The current international discussion about privacy on the internet appropriately highlights concerns regarding online data security. We all want tech companies to ensure that our online activity isn’t hacked, inadvertently disclosed to the public, or sold without our consent. But a privacy solution must be balanced with the reality that many members of the public use the internet for illegal and abusive conduct.
As the nation’s clearinghouse for missing and exploited children issues, the National Center for Missing & Exploited Children (NCMEC) bears witness every day to how the internet is used to perpetuate online demand for graphic sexual abuse images of children. While the sexual exploitation of a child most often occurs in private settings, abusive images and videos are shared on the most public of forums – the open internet. Offenders email images to others; upload them to photo-sharing and social media sites; and share them via private chat and messenger apps. If tech companies shutter their visibility to this dehumanizing abuse of children by adopting end-to-end encryption without a solution in place to safeguard children, those who are sexually exploited will be invisible and left as collateral damage while offenders will continue to create, share, and collect child sexual abuse images without detection.
The risk to children isn’t theoretical or minor. Every day at NCMEC we analyze tens of thousands of reports of children who are raped and sexually abused while photos and videos are made. Over the past 20 years, we’ve received more than 55 million reports of child sexual abuse to our CyberTipline - in 2018 alone we received over 18 million reports. The abuse is graphic and violent, and the sharing of images online drives the market for offenders to create more images and abuse hundreds of thousands of children each year. Many of these children are infants – too young to cry out for help or identify their abusers. Many are abused by adults they trust – a parent, relative or babysitter. Many are enticed and blackmailed into producing sexually explicit imagery.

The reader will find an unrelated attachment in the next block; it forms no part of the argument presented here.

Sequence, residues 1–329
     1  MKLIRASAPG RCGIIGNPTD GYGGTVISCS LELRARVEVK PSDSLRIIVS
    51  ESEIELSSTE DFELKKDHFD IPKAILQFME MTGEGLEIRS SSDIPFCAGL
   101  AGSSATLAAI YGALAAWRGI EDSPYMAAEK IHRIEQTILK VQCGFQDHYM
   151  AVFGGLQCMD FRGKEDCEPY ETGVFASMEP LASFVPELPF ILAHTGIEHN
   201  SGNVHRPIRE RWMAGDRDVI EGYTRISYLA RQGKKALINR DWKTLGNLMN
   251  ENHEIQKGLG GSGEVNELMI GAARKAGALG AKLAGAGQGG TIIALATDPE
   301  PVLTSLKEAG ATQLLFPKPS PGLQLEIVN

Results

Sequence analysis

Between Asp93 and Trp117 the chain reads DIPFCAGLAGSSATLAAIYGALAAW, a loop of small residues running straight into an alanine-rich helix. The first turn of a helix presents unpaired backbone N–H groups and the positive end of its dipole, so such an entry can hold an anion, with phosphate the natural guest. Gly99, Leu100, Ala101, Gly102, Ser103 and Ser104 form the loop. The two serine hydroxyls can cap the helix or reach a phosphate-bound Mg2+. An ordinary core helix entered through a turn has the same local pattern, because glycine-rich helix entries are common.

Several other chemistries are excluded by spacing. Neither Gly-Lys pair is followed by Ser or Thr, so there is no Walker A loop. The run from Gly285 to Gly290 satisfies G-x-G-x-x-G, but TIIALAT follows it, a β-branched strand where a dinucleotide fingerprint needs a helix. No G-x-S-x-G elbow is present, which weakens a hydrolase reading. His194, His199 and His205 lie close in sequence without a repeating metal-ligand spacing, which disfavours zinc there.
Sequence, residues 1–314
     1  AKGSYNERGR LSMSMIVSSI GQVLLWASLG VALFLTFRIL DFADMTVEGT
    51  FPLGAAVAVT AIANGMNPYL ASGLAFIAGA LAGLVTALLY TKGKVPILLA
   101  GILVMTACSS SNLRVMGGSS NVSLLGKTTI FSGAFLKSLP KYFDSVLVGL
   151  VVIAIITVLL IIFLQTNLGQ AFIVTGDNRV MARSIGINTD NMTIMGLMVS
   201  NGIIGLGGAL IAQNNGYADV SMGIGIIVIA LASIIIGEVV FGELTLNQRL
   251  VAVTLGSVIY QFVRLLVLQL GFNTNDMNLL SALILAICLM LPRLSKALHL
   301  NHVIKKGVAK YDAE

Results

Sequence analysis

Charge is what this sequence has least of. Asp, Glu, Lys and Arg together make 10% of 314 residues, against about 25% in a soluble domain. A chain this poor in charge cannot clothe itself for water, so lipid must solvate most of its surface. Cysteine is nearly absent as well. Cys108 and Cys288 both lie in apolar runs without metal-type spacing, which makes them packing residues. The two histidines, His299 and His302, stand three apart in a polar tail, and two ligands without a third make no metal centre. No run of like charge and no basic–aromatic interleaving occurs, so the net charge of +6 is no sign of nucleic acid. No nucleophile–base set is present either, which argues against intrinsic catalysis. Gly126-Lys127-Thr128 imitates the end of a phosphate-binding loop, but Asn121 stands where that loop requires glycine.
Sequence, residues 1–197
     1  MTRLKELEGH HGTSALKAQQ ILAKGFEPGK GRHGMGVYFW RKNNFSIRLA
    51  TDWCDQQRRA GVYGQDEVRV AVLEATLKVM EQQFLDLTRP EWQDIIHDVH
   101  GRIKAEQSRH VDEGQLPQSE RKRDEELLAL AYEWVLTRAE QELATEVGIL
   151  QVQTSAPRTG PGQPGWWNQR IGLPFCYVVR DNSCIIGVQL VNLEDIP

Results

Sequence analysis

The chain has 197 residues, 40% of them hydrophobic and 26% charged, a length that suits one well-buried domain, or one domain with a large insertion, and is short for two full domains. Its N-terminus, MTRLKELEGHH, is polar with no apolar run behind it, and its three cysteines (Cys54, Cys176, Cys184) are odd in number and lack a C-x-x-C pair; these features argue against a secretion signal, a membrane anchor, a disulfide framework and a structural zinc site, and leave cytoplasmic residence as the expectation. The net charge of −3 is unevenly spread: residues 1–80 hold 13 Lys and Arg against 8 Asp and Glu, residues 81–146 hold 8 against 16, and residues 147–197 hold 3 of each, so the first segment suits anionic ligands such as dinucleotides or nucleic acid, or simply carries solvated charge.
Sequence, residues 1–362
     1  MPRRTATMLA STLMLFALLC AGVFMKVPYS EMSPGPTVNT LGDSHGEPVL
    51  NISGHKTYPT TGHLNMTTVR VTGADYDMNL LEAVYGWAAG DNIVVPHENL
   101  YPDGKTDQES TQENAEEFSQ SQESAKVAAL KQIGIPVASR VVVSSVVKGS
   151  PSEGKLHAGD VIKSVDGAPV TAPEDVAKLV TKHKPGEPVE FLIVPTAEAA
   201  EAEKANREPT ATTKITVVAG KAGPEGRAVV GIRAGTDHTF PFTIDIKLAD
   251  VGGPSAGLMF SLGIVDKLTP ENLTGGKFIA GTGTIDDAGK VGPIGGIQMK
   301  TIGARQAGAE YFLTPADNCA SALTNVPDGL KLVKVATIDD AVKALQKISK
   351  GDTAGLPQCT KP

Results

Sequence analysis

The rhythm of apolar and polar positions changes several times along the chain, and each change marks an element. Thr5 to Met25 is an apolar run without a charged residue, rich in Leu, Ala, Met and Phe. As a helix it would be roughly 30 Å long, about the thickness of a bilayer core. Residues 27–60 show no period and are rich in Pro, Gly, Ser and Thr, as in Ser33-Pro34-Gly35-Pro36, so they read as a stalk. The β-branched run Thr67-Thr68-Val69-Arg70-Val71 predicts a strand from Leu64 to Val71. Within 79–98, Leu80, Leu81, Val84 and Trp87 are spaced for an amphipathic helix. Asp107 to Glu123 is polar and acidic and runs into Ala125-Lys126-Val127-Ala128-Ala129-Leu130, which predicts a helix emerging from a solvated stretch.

Tech companies use hashing, PhotoDNA, artificial intelligence, and other technology to recognize online child sexual abuse, remove it, and report it to NCMEC. We make these reports available to law enforcement agencies around the globe. The ability for tech companies to “see” online abuse and report it is often the only way that law enforcement can rescue a child from an abusive situation and identify and arrest an offender.
If end-to-end encryption is implemented without a solution in place to safeguard children, NCMEC estimates that more than half of its CyberTipline reports will vanish. The transmission of child sexual abuse images and sexual enticement messages won’t stop because this criminal activity is encrypted. End-to-end encryption will simply close a curtain to what happens online, enabling encrypted platforms to become lawless environments where the lack of oversight and visibility into criminal activity emboldens offenders.
We oppose privacy measures that fail to address how the internet is used to entice children into sexually exploitive situations and to traffic images and videos of children being raped and sexually abused. NCMEC calls on our tech partners, political leaders, and academic and policy experts to come together to find technological solutions that will enhance consumer privacy while prioritizing child safety.
For more information about this issue and what NCMEC is doing about it, visit www.missingkids.org/e2ee.